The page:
This was an unusually venomous post from you, and I'm not sure exactly why you felt it necessary.
And it was intentionally so. I've simply played too many games where the vocal minority quite brazenly advocate exclusionary content to the point where if you can't get into that, you don't really have a game worth playing anymore. And for some reason these devs continually pander to them, never winning that rat race of producing content fast enough to please them while you've probably got an 85%+ share of users that'd love to see even a fraction of that attention put into things they might actually get to see. Overall, I'm not against the idea of high-difficulty content. Rather, I'm against the idea of it needing 10+ people because it means matching schedules, job roles, and all the other little logistics that ultimately don't wind up being pick-up-and-play friendly. If this steps on the toes of all those out there thinking they're the next little Napoleon, so be it.
With more of my early days being in XI, the whole "World First" scene didn't seem all that important. You'd still see people gloat now and then, but ultimately finishing some new piece of content went from awesome to the mundane, especially if you were forced to grind it. In Rift, it got a bit more asinine, as not only did the game announce first discoveries on items or boss kills, you eventually had whole guilds hopping servers just to "steal them" from other established guilds on the shards. At times this involved said guilds exploiting bugs or unintended tactics, but in the end, it really just boils down to another aspect of ego and prestige gaming, which inevitably follows those who demand harder content carry superior rewards with no reasonable alternatives. So, again, we slip back into the problem of advocating exclusionary content.
The guy I mentioned in my last post basically went on to whine that WoW is losing subs because people had nothing do after LFR "EZ Mode'ed" content. And you know, that may be true for some, but I don't think that's the big reason. There are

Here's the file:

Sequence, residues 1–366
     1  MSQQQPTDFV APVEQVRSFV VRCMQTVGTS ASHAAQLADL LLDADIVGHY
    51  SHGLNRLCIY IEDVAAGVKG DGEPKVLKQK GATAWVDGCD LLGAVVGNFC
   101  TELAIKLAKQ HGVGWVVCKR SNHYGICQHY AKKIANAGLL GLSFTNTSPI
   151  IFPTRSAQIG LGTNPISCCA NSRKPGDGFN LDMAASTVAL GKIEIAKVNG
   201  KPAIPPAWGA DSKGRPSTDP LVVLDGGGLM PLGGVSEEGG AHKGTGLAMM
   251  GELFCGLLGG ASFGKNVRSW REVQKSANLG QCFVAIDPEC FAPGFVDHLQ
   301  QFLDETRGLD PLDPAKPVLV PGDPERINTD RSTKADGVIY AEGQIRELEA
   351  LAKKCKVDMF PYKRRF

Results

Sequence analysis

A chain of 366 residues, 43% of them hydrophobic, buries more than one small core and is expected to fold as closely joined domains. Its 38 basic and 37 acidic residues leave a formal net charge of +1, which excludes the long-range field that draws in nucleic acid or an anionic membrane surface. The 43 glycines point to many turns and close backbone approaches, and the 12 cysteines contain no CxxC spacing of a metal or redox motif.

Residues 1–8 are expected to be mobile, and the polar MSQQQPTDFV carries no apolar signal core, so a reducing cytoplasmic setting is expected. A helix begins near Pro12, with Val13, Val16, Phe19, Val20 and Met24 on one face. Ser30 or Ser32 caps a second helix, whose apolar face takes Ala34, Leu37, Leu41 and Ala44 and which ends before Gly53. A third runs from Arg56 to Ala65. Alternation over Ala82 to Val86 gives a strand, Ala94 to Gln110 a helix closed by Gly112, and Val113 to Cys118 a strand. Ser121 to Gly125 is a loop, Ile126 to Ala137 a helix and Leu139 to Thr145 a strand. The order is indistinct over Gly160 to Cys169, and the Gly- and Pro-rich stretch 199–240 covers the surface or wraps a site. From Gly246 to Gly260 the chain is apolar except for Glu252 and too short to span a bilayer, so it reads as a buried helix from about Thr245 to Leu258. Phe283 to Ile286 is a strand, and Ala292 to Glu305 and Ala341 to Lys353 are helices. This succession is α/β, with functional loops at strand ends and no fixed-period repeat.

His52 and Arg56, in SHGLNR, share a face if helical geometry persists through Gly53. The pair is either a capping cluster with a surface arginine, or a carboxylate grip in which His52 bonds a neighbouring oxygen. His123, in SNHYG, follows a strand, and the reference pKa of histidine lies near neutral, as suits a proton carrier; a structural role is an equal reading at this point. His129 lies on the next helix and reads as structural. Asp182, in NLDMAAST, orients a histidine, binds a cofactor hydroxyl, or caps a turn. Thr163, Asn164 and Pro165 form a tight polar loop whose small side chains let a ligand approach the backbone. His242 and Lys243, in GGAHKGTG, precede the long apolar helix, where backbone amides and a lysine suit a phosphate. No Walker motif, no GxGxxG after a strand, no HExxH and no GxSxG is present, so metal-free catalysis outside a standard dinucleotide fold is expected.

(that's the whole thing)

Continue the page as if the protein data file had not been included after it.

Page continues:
other games out there despite their pros and cons. RL can do its thing, too. It's also possible to simply get bored even if you still have some objectives left to tackle. They might love to argue that casual players come and go, never being loyal and being fickle, but I wonder how many might realize they're being treated as the lesser player, both socially (ridicule about gear/skill, not playing the FoTM, being a first-timer to content, the curious hypocrisy of only getting into groups if you're already geared from a given tier/event, etc.) and by the devs (No matter how many level 50 FATEs you grind, Timmy, that random CT drop you'll never get will beat it!), essentially creating a self-fulfilling prophecy of revolving door players.
So, as extension of Bartel's "that guy" pitch, why the **** should I defend these asses, let alone tolerate their presence when they'd gleefully let a game wither to nothing as long as they can maintain their insignificant digital prestige? Do I need to hop to the BG forums to link you to threads solely dedicated to mocking and harassing FFXI players here, in-game, and on the OF? I'm a big fan of the whole, "Do unto others..." philosophy, of which I do give individuals their fair shake. But if they want to treat people like sh*t, they should not be surprised when people want to treat them like sh*t in return. Hence, venom. It is avoidable, but this falls into my sentiment that game mechanics inspire player behavior. So, what's worth more to SE, a few bitter hardcores or a lot of unhappy casuals? You might not like the answer when looking from it the business standpoint, but I also wouldn't automatically label it the wrong answer for the game in consequence. And that's where SE needs to not half-*** things and get lazy.
If there weren't hardcore players, there would be no glue holding the community together, organizing it, and keeping it motivated to continue playing.
I wouldn't be so sure... and even that is some of the sense of ego I allude to. No, not all hardcore players like the a-holes I generally rally against, but we can't exactly pretend things they discover wouldn't be discovered by others if they hadn't been already and simply not shared. So, while the majority of players are indeed casuals, they are also not visiting sites like this. Are they ghosts not "contributing" to the community? Do their own desires for the game hold no merit? I'd say no to both, but at the same time, I'd love to see more games doing in-game surveys with small rewards for actually participating in them. Yeah, you might get some who spam click through them, but even removing the fear of retaliation from your peers for a spoken thought can embolden some to actually speak their mind. Edited, Aug 9th 2013 6:14pm by Seriha